Predicting where a series will be a hit has proven challenging and surprising, Spink says, revealing that series such as The Teenage Psychic, the network’s first Chinese original, was received particularly well in Malaysia and the Philippines.

Netflix and Amazon just launched an ‘all-out war’ for TV talent

Sent was produced as part of HBO Asia’s two-year partnership with the Info-communications Media Development Authority (IMDA), a statutory board of the Singapore government.

“The IMDA has got a very clear remit: they want to encourage creativity in Singapore across film and tele­vision,” Spink says. “They are keen to get Singaporean talent involved: not just actors, but camera crews and technicians, as part of the business. It was a nice project, something local, and it was a good idea to do it.”

Nevertheless, with the IMDA’s support, Sent’s cast includes actors from Malaysia, India, Thailand and Hong Kong (Mike Leeder, who plays a business­man’s bodyguard).

Spink admits the runaway success of HBO Asia’s US parent, the channel behind Game of Thrones, True Detective and Boardwalk Empire, for starters, puts a certain pressure on the regional arm. On the flip side, he says, these major series have created a great deal of trust in HBO’s programming worldwide and ensures that the company’s branded content gets attention regardless of the region in which it’s produced.

Even if the series makes an international star of Tilani, he and Chia plan to continue making YouTube videos, the comedian says, and will experiment with ways of presenting their comedy on the plat­form by drawing on the experience gained working on Sent.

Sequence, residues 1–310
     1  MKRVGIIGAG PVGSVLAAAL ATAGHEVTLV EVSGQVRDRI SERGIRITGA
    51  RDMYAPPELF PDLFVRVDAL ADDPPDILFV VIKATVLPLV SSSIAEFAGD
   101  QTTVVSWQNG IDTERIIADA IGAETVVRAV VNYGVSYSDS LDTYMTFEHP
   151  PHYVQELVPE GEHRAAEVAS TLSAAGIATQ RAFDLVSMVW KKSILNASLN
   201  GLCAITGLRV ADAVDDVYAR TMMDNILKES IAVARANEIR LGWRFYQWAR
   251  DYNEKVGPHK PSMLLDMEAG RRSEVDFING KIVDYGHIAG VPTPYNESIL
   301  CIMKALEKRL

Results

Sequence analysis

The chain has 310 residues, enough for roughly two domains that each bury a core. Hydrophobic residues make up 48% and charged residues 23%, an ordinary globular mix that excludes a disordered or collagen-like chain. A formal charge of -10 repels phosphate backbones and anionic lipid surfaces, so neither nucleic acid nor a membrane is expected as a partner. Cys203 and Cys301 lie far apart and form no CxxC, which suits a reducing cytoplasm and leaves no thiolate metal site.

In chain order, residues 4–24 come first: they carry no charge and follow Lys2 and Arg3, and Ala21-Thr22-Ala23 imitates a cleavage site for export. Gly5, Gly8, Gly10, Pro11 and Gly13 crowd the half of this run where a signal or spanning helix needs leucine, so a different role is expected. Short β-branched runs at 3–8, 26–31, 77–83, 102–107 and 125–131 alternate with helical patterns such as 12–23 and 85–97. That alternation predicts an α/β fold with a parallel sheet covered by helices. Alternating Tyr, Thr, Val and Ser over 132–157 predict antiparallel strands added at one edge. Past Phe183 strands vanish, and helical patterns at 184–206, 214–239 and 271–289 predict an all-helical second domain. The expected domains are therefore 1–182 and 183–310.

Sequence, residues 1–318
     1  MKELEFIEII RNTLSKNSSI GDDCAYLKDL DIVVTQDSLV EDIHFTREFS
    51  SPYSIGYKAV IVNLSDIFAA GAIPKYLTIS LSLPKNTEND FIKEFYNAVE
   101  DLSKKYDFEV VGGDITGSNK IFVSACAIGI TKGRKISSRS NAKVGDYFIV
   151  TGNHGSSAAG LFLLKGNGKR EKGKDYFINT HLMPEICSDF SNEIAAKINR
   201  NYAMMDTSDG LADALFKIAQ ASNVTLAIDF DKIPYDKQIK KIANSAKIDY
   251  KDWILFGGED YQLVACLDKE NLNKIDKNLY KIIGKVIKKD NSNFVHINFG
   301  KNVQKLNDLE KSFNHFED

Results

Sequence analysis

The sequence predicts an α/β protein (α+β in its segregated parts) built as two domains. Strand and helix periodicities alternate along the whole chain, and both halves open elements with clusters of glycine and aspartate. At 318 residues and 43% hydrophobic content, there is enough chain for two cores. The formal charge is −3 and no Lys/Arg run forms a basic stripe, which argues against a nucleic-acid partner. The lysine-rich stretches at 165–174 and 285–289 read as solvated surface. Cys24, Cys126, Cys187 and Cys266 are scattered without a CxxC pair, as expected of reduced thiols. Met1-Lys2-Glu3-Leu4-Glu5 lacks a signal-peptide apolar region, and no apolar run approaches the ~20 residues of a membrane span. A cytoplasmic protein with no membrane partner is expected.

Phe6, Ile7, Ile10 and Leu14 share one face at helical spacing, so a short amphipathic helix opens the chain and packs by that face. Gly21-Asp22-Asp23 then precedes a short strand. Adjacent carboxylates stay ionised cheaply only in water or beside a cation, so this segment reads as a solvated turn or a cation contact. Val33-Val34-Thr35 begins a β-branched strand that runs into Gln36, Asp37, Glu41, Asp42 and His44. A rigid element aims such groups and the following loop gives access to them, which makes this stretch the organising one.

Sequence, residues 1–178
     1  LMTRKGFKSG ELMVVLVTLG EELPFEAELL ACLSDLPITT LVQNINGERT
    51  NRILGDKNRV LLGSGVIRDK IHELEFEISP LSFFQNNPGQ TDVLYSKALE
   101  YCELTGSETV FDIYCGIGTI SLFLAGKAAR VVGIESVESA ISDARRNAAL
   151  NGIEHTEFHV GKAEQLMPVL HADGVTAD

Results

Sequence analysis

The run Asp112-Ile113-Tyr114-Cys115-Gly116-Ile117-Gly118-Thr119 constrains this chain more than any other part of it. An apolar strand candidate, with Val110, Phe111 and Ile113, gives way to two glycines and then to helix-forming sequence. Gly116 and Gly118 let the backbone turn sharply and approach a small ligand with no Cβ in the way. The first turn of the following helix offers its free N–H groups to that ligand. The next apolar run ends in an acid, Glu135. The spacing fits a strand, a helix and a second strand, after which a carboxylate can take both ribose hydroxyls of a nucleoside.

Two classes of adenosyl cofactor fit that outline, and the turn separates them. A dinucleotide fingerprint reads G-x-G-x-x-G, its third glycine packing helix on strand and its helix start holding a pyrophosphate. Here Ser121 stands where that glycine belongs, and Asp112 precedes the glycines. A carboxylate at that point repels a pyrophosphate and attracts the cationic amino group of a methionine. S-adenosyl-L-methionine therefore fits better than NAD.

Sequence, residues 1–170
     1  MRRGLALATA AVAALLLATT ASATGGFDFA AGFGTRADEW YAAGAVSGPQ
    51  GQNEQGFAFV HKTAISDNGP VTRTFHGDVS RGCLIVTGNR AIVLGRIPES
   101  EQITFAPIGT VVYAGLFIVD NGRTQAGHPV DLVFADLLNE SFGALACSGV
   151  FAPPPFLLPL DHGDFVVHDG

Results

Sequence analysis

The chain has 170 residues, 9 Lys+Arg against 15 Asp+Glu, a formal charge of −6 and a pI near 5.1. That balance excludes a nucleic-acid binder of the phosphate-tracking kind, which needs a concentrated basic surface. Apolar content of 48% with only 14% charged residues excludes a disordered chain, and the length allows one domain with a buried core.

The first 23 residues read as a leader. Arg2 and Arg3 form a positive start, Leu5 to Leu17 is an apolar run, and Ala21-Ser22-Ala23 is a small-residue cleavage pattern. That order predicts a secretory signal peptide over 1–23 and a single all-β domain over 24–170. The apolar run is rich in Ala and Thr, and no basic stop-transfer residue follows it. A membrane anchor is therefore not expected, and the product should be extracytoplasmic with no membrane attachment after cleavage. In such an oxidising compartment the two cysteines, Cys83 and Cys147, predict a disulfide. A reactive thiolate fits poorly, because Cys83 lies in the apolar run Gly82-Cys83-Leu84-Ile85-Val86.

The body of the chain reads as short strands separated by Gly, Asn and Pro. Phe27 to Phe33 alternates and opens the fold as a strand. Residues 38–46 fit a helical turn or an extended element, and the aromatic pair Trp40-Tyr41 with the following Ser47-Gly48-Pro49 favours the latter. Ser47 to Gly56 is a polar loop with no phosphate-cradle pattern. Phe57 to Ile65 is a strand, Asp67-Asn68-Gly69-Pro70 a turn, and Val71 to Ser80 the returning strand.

“We’ve been doing this for three years with stand­alone videos, but we’re now moving towards more serialised stuff and are working on a few TV and movie pitches,” Tilani says. “We are talking to people around the region and want to explore how to blend comedy with other genres, like horror and thriller.”

The Coen Brothers, Martin Scorsese, Spike Lee among the big names Netflix has lured away

While even some of the highest profile YouTubers struggle to branch out on to other platforms, Tilani says, working with HBO has given him a foot in the door of the global entertainment industry – and has earned him a little kudos at home.

“HBO has such a strong brand globally so I can be like, ‘Game of Thrones, they’re my colleagues now, man!’” he laughs, adding with a smirk, “Thanks to HBO, my extend­ed family finally thinks I’m doing something cool.”

Sent premieres with two back-to-back episodes on September 17 on HBO (Now TV Channel 115) and will also stream on HBO Go and HBO On Demand, with two episodes added on subsequent Sundays. The first episode will also be available online at HBOAsia.com from September 18 to 24.